The Bank of England will decide at a crucial meeting this week just how far to extend the quantitative easing programme designed to help ward off deflation.
The Bank's Monetary Policy Committee is not expected to make any change to the 0.5 per cent interest-rate level at its monthly meeting on Thursday, but its decision on quantitative easing will be keenly watched.
There were calls for the Governor, Mervyn King, to inject the final £25bn tranche of funds for quantitative easing signed off by the Chancellor, Alistair Darling, after Britain's gross domestic product contracted by 0.8 per cent in the second quarter, rather than the forecast 0.3 per cent. The Bank's decision comes against a backdrop of mixed signals from the economy. The quarterly trends survey from the Confederation of British Industry will confirm today that the rates of decline in both orders and output among smaller manufacturers are now slowing.
Although only 17 per cent of companies reported rising orders in the three months to July, the resulting balance of minus 34 per cent was a massive improvement on the previous quarter's minus 51 per cent – the worst since the survey began in 1988.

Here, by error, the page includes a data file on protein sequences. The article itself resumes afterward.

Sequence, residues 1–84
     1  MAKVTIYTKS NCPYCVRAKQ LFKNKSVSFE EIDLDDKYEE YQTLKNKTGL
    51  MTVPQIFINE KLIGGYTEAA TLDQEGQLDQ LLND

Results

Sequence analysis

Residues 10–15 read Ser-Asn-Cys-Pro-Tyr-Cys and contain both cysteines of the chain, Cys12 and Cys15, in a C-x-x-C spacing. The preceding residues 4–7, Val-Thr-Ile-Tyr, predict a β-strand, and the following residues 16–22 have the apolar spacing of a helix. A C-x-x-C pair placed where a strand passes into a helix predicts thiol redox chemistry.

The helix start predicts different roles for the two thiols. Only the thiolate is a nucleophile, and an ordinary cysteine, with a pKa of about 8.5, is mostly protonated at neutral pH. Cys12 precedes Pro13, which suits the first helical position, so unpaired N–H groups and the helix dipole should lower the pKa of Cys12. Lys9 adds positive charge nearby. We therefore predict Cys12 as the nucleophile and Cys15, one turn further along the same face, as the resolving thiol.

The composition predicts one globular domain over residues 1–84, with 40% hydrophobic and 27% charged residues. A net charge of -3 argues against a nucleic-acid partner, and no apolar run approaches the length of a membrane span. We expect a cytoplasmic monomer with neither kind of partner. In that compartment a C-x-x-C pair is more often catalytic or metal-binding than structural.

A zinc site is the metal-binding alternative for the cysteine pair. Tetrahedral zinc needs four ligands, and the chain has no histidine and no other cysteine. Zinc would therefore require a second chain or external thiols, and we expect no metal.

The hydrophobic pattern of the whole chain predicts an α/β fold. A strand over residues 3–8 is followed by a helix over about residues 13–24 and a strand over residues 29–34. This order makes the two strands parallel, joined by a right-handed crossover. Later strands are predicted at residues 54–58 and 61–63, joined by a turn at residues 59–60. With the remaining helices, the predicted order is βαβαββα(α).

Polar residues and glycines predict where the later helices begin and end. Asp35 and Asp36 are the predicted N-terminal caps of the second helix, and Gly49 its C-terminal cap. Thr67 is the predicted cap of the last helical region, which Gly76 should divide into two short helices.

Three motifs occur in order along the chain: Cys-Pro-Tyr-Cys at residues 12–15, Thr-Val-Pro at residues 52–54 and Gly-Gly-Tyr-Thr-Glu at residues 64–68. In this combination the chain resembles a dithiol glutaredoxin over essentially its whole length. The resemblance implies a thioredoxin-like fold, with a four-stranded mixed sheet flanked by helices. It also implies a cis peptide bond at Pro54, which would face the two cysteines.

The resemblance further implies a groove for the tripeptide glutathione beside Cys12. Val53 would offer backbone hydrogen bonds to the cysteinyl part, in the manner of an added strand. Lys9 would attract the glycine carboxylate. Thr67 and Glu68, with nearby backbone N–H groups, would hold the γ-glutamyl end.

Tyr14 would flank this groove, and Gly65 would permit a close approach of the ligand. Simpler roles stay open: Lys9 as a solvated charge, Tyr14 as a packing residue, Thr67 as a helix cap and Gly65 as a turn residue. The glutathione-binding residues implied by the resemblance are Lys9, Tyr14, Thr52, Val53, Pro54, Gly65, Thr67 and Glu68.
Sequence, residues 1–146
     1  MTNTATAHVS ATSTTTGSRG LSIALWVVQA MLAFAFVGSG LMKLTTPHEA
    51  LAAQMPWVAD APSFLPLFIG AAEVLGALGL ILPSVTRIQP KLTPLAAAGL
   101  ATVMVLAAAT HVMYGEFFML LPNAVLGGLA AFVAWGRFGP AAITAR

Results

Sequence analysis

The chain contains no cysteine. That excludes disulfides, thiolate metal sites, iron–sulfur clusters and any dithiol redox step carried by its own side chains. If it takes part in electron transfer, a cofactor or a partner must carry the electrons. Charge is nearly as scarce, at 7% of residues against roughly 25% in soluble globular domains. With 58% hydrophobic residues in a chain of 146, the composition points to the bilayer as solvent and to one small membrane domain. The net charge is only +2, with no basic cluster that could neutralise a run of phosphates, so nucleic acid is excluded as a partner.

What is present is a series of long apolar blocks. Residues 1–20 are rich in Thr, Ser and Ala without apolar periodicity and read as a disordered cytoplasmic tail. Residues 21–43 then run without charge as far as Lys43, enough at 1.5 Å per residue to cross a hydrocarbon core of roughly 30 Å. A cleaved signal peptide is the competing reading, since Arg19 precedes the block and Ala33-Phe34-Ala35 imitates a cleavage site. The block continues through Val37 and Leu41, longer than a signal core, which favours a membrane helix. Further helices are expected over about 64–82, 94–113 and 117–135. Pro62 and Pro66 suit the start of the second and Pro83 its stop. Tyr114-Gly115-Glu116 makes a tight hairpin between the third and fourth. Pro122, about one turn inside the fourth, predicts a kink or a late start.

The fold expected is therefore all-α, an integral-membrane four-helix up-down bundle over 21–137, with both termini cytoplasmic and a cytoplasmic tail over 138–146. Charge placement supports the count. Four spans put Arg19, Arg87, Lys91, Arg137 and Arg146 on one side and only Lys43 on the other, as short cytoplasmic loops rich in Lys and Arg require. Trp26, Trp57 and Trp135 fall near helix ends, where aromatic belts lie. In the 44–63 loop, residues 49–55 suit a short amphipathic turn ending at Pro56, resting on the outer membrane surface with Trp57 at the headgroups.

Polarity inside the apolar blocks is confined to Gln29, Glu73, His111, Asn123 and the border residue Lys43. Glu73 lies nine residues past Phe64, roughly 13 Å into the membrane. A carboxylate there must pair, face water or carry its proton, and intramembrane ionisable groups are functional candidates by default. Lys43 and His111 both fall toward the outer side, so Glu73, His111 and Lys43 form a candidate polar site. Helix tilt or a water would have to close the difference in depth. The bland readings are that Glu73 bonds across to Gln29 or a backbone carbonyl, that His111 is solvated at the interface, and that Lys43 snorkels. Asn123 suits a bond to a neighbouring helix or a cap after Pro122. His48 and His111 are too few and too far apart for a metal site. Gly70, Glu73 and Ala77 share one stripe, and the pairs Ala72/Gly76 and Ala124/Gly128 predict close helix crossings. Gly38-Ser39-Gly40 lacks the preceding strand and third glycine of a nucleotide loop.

Similarly, although the volume of factory output continued to decline, with only 15 per cent of businesses seeing an increase over the three months, the balance of minus 28 per cent was a marked improvement on the previous quarter's minus 48 per cent. Russel Griggs, at the CBI, said that although business conditions remain difficult for small and medium-sized manufacturers, "things aren't quite as gloomy as they were three months ago".
There is a similarly ambivalent picture for the economy as a whole. Despite the grim GDP figures for the last quarter, the recession could be over in as little as three months, says the accountant BDO Stoy Hayward. Their index, which measures short-term turnover expectations and order-book strength, saw its biggest monthly leap in 13 years last month, and suggests a flat rate of GDP growth in the current quarter.
The number of companies going into administration may have plateaued, says Deloitte. Corporate bankruptcies shot up by 18 per cent in the first half of the year, but the rate declined by 21 per cent in the second quarter.Reuse content